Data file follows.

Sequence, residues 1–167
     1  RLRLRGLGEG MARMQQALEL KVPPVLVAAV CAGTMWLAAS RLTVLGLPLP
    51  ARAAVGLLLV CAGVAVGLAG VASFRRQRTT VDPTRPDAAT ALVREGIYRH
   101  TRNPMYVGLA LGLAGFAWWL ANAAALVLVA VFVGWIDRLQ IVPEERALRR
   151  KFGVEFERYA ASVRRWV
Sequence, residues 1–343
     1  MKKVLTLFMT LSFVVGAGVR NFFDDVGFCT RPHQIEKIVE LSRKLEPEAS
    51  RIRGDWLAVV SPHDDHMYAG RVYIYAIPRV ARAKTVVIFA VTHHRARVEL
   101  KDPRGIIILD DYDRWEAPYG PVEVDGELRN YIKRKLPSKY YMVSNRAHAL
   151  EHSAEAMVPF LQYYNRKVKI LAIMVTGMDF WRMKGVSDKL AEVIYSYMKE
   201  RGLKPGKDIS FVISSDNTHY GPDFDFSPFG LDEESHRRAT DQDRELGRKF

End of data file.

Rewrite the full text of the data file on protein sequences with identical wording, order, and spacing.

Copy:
Sequence, residues 1–167
     1  RLRLRGLGEG MARMQQALEL KVPPVLVAAV CAGTMWLAAS RLTVLGLPLP
    51  ARAAVGLLLV CAGVAVGLAG VASFRRQRTT VDPTRPDAAT ALVREGIYRH
   101  TRNPMYVGLA LGLAGFAWWL ANAAALVLVA VFVGWIDRLQ IVPEERALRR
   151  KFGVEFERYA ASVRRWV
Sequence, residues 1–343
     1  MKKVLTLFMT LSFVVGAGVR NFFDDVGFCT RPHQIEKIVE LSRKLEPEAS
    51  RIRGDWLAVV SPHDDHMYAG RVYIYAIPRV ARAKTVVIFA VTHHRARVEL
   101  KDPRGIIILD DYDRWEAPYG PVEVDGELRN YIKRKLPSKY YMVSNRAHAL
   151  EHSAEAMVPF LQYYNRKVKI LAIMVTGMDF WRMKGVSDKL AEVIYSYMKE
   201  RGLKPGKDIS FVISSDNTHY GPDFDFSPFG LDEESHRRAT DQDRELGRKF